How to Break the Cycle of Anxiety in 3 Steps

This article is an excerpt from the Shortform book guide to "Unwinding Anxiety" by Judson Brewer. Shortform has the world's best summaries and analyses of books you should be reading.

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Are you wondering how to break the cycle of anxiety? How does anxiety lead to other problems?

In Unwinding Anxiety, Dr. Judson Brewer gives practical advice for dealing with anxiety. Brewer’s guidelines for overcoming anxiety are based on his definition of anxiety as a habit loop.

Let’s look at how to break the cycle of anxiety in three steps.

Breaking the Cycle

Once we understand how anxiety functions as a behavioral cycle, we can see that the solution to anxiety is breaking the cycle that creates and reinforces it. Brewer says learning how to break the cycle of anxiety requires three steps:

  1. Recognize your anxious patterns as they arise.
  2. Pay close attention to your behaviors and their results so that you can determine whether any given behavior truly helps your situation.
  3. When you notice unhelpful behaviors, replace them with more useful and rewarding ones. 

Be aware that these steps aren’t strictly linear. When you’re first learning to work with anxiety, you’ll need to take them in order because each step builds on the one before it: You can’t deconstruct a behavior loop (step 2) that you haven’t even noticed (step 1), and you can’t replace behaviors (step 3) until you’ve determined whether they need to be replaced (step 2). But because behavior change is an ongoing practice, you’re never really “done” with this process, and it’s completely normal (and necessary) to move back and forth between the steps.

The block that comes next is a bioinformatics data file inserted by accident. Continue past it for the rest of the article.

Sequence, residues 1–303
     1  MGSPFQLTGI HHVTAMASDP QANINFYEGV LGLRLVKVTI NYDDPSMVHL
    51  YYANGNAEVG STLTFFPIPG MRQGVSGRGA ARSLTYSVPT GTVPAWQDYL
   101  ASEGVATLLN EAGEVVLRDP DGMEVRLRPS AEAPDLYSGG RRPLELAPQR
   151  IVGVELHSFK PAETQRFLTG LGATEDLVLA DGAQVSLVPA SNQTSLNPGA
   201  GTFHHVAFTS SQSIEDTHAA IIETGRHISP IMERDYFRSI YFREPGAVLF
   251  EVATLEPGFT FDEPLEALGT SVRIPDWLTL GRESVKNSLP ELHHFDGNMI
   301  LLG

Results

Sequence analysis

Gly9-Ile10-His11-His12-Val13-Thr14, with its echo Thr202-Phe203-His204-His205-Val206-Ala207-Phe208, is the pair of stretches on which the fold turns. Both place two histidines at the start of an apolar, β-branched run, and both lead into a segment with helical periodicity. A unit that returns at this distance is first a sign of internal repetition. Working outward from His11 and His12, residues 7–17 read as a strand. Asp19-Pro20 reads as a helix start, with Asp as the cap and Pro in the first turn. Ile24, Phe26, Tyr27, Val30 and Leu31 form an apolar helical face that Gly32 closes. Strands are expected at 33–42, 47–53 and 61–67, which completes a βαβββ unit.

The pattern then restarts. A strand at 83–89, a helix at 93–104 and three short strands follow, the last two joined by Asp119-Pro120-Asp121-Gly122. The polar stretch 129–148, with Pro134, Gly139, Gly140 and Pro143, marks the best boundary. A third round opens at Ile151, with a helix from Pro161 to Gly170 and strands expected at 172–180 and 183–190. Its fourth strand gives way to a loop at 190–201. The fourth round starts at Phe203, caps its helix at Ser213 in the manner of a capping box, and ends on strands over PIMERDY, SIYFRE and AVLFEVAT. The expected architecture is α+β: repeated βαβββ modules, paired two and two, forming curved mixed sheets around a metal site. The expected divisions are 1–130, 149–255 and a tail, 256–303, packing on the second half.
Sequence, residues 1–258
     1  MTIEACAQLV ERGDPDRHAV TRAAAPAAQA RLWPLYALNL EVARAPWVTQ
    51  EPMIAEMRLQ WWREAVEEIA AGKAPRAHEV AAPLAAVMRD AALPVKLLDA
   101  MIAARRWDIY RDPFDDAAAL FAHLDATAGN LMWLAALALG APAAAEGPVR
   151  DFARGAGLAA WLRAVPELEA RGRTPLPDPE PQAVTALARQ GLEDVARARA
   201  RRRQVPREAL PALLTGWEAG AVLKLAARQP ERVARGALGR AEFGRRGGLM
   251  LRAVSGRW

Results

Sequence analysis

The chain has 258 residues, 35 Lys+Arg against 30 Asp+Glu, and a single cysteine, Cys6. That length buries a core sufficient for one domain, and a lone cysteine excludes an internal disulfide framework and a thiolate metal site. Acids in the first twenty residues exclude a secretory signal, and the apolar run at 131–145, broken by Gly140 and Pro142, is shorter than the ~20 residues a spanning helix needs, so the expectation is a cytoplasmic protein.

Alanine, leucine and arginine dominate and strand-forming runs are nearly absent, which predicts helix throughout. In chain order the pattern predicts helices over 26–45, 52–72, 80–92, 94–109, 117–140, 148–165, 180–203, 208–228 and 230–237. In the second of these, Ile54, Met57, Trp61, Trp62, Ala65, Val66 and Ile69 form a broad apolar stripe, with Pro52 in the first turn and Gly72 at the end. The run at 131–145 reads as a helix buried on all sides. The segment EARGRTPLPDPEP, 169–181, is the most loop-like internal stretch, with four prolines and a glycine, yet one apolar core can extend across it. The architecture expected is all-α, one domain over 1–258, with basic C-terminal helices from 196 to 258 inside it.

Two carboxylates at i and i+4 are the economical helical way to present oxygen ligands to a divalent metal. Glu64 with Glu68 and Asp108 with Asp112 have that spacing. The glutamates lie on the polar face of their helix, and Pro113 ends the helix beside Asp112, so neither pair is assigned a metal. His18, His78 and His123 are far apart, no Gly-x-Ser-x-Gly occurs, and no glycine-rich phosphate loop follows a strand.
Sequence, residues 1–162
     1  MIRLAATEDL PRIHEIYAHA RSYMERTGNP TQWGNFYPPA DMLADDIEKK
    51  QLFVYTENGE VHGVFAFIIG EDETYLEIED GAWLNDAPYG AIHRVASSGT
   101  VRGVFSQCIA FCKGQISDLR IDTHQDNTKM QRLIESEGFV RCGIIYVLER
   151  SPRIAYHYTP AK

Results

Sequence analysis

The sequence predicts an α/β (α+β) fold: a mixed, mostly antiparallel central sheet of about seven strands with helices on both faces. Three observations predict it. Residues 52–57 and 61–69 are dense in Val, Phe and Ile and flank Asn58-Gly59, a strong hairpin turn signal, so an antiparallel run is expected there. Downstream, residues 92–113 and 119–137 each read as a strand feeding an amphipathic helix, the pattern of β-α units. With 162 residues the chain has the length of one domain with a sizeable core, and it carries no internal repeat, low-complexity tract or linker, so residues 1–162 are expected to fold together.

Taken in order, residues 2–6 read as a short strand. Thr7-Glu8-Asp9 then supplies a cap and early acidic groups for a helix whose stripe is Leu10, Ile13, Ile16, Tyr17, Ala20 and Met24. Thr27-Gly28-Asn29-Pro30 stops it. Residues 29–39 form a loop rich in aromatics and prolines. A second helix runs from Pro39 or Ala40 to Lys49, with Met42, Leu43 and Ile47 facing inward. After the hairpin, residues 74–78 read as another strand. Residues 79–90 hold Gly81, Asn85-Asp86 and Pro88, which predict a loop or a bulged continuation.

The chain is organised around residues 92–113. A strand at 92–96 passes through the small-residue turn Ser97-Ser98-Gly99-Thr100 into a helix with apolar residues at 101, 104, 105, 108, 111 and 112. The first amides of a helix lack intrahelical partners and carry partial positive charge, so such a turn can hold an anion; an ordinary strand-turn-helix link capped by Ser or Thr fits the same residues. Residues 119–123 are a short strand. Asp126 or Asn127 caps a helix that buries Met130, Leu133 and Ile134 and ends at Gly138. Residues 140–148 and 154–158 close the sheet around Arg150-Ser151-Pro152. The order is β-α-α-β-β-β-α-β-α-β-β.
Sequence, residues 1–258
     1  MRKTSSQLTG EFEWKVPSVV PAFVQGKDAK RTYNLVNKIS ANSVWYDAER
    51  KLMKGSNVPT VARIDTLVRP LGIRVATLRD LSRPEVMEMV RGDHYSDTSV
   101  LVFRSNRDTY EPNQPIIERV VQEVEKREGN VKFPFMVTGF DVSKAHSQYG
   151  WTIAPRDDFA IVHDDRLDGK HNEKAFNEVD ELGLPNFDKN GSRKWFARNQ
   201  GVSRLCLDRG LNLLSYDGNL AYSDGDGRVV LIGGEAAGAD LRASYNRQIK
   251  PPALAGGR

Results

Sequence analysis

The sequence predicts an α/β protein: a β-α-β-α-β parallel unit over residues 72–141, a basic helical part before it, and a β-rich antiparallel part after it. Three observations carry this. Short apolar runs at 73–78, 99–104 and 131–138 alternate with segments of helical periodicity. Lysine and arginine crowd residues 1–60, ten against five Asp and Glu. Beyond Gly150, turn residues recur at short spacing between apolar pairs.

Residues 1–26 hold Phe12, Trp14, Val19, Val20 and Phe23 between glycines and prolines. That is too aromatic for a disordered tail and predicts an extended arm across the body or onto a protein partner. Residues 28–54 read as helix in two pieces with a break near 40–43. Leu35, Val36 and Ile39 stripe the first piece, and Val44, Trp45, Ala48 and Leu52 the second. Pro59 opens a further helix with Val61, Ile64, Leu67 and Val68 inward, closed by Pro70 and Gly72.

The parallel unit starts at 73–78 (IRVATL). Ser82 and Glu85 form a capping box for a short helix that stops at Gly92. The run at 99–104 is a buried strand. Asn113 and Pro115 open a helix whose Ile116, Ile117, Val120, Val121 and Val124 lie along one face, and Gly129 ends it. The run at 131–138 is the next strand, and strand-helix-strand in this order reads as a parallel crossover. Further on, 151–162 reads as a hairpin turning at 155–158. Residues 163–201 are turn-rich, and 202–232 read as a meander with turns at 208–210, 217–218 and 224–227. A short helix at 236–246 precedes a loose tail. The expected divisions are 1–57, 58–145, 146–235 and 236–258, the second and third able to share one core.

Step #1: Recognize Your Anxious Patterns

You can’t solve a problem you haven’t noticed yet, so the first step to treating anxiety is to recognize the behavioral and thinking loops that create and result from anxiety. To do so, Brewer says, you need to practice mindfulness so that you’re more aware of your thoughts and actions.

Brewer borrows his definition of mindfulness from mindfulness proponent Jon Kabat-Zinn, who says that mindfulness means: “Paying attention, on purpose, in the present moment, non-judgementally” [sic]. Brewer distills this definition down to two components: awareness and curiosity.

Step #2: Analyze Your Behaviors and Their Results

Brewer says that one of the benefits of treating anxiety as a habit is that doing so allows us to analyze the rewards of our anxious behavior. In a habit loop, a reward is any result that reinforces the behavior. For example, if you feel anxious and eat some potato chips, you enjoy a salty snack, your body enjoys a dopamine hit as it processes the carbohydrates, and your mind (possibly) enjoys a brief respite from whatever caused the anxiety. These short-term rewards are part of the reason we get addicted to anxiety even though it has numerous long-term consequences.

Brewer argues that a key step in breaking the anxiety habit is changing the value we place on anxiety’s rewards. He suggests that if we recognize that these short-term benefits aren’t actually that fulfilling, we’ll be less apt to continue thinking and behaving anxiously. Then, if we substitute non-anxious behaviors that offer better rewards, we’ll learn to choose those behaviors over anxious ones. 

Updating Your Reward Value

According to Brewer, the trick to seeing that anxiety is unrewarding is to realize that our brains often overestimate the value of anxiety-related rewards. In other words, he claims that if you pay close enough attention, you’ll notice that potato chips don’t taste that good and that generally, the more of them you eat, the less you enjoy them and the worse you feel. The problem is that the brain takes a lot of factors into account when assessing reward value, and some of these factors aren’t directly relevant to the actual quality of the reward.